Spring Boot MVC example

In this tutorial we will learn how to create an application based on the Spring MVC pattern, and the Template engine Thymeleaf to render the page View.

Setting up the MVC Project

Out of the box, Spring Boot provides default configurations for Spring MVC. And when you bring a template engine into the project, you will also get all the view resolvers needed in order to move from standard JSP programming to modern template engines.

Let’s start from the Spring Boot Initializer, selecting as dependencies for your project “Web” and “Thymeleaf”. Download and extract the project to your hard drive.

spring boot mvc tutorial

Import the project in your favorite IDE and let’s start adding code to it!

This is the initial project structure:

├── main
│   ├── java
│   │   └── com
│   │       └── example
│   │           └── demo
│   │               └── DemoApplication.java
│   └── resources
│       ├── application.properties
│       ├── static
│       └── templates
└── test
    └── java
        └── com
            └── example
                └── demo
                    └── DemoApplicationTests.java

Coding the View

Within the templates directory, I create a new HTML file named persons.html :

<?xml version="1.0" encoding="UTF-8"?>
<html xmlns:th="http://www.thymeleaf.org">
      <title>Spring Boot Thymeleaf Hello World Example</title>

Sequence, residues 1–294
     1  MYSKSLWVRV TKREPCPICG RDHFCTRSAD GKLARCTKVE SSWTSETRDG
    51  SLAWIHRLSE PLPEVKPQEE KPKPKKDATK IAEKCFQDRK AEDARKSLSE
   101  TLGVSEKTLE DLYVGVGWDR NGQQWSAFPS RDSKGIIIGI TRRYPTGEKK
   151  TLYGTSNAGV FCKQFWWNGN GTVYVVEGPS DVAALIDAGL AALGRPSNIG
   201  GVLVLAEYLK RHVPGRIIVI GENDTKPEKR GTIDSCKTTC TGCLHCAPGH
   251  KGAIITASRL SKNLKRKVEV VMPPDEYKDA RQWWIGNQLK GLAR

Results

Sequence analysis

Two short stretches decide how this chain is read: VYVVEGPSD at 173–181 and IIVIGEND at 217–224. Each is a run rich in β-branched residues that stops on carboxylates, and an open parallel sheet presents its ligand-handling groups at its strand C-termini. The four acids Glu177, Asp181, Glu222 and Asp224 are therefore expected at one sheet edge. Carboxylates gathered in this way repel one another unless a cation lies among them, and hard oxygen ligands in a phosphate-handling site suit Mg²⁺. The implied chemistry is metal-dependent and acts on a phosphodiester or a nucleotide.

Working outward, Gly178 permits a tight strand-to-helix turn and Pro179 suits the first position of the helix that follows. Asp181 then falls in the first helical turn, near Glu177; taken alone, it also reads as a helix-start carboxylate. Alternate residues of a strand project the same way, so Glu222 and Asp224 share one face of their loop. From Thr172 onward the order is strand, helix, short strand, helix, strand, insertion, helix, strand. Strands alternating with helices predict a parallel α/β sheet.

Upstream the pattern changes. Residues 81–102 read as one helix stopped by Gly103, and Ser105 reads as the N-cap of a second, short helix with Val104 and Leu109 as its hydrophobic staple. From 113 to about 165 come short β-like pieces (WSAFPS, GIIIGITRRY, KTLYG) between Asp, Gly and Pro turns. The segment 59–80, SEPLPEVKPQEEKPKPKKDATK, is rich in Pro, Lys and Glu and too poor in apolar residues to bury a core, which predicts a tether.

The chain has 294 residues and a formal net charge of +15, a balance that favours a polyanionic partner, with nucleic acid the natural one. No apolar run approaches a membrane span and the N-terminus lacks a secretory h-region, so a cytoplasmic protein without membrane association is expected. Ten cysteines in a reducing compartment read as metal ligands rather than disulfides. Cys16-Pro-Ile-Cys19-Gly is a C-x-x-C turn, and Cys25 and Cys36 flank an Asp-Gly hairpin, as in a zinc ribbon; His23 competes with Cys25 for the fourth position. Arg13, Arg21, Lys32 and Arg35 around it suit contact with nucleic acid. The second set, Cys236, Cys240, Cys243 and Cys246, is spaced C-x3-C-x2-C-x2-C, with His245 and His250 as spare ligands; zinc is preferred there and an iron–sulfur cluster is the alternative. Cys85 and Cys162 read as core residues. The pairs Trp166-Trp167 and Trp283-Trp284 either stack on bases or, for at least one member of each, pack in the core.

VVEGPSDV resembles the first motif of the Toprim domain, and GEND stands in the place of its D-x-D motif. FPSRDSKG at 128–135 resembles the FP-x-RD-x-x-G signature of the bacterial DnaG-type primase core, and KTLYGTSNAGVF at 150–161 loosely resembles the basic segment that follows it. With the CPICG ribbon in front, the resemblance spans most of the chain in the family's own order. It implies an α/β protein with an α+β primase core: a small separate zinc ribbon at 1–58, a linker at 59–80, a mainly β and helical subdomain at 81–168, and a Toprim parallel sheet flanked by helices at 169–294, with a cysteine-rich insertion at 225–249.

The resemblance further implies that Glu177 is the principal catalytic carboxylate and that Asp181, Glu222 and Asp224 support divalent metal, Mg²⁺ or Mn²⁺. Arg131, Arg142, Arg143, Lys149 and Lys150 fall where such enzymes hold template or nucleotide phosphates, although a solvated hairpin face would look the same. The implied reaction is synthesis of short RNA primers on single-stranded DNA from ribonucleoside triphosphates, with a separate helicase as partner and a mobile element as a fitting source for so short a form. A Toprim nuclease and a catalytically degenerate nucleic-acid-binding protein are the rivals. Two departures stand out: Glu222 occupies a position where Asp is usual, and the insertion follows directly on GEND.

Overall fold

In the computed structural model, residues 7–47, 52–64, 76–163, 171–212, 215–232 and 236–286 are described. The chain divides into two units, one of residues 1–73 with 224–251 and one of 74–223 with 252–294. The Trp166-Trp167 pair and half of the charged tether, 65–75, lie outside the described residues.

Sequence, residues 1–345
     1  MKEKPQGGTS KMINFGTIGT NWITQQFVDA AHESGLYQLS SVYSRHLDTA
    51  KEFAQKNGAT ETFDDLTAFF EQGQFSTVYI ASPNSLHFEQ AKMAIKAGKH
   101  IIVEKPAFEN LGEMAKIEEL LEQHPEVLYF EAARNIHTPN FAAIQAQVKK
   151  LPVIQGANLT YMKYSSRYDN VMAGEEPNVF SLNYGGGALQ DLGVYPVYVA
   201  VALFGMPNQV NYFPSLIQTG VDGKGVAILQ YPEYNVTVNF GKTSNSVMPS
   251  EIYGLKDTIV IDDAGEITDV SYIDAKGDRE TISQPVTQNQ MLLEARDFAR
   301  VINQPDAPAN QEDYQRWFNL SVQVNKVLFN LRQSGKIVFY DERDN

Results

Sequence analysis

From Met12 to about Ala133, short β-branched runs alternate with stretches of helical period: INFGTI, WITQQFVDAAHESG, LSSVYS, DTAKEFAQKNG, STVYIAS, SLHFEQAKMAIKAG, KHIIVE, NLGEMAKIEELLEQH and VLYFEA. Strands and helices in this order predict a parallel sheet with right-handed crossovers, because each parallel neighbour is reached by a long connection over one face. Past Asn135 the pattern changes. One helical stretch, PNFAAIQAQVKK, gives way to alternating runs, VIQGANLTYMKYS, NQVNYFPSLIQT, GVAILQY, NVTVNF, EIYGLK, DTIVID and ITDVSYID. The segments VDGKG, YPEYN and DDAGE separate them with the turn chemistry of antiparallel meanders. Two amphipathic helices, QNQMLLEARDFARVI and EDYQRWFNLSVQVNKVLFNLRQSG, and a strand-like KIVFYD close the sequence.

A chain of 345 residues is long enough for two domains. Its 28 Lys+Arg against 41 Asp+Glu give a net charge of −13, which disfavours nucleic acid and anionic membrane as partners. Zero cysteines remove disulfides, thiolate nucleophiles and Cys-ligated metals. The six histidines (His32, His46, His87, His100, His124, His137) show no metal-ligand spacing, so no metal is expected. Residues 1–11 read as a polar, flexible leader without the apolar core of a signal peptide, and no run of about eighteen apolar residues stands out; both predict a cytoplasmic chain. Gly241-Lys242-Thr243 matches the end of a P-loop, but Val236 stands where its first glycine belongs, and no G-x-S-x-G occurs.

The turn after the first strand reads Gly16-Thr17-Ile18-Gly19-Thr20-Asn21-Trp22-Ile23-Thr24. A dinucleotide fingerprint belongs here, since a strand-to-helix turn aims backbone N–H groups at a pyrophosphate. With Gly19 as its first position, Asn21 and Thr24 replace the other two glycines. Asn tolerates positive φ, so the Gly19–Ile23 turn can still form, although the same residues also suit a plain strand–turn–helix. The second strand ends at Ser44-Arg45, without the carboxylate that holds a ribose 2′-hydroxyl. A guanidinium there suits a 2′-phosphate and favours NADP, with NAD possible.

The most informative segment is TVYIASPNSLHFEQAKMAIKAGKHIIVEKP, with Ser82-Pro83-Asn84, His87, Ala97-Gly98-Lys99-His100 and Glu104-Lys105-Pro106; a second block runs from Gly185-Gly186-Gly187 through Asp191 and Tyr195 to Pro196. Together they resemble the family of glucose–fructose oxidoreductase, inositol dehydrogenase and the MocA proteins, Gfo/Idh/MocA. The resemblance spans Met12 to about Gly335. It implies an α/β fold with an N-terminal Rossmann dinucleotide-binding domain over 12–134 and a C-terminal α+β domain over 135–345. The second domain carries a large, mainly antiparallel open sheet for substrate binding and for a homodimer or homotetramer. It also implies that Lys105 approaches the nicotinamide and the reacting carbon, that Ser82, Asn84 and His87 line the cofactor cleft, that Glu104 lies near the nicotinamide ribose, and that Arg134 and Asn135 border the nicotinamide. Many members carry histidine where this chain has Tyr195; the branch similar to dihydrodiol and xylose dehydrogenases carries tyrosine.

<meta http-equiv="Content-Type" content="text/html; charset=UTF-8" />
      <h2>Spring Boot Thymeleaf Hello World Example</h2>
            <table border="1" class="table">
                        <th>First Name</th>
                        <th>Last Name</th>
                    <tr th:each="person : ${persons}">
                        <td th:text="${person.name}"></td>
                        <td th:text="${person.surname}"></td>


As you can see from the above code, the first thing that I need to do to my HTML document is adding the XML namespace for Thymeleaf.

In the page we are displaying an HTML table, using an iterator to display all Person object loaded in the Model. In order to do that, we are using a th:each iterating over a list of persons from the model and create a new Person object. The magic is that Thymeleaf is able to resolve that for me as we go through.

Once completed the iteration over the persons, we need to populate the table cells using the th:text tag which references the Person object properties.

Coding the Model

Next step, will be adding a Person model object with the properties that we have already seen (name, surname) in the HTML:

package com.example.demo;

public class Person {
  private String name;
  private String surname;

  public Person(String name, String surname) {
    this.name = name;
    this.surname = surname;

  public Person() {

  public String getName() {
    return name;

  public void setName(String name) {
    this.name = name;

  public String getSurname() {
    return surname;

  public void setSurname(String surname) {
    this.surname = surname;

Coding the Controller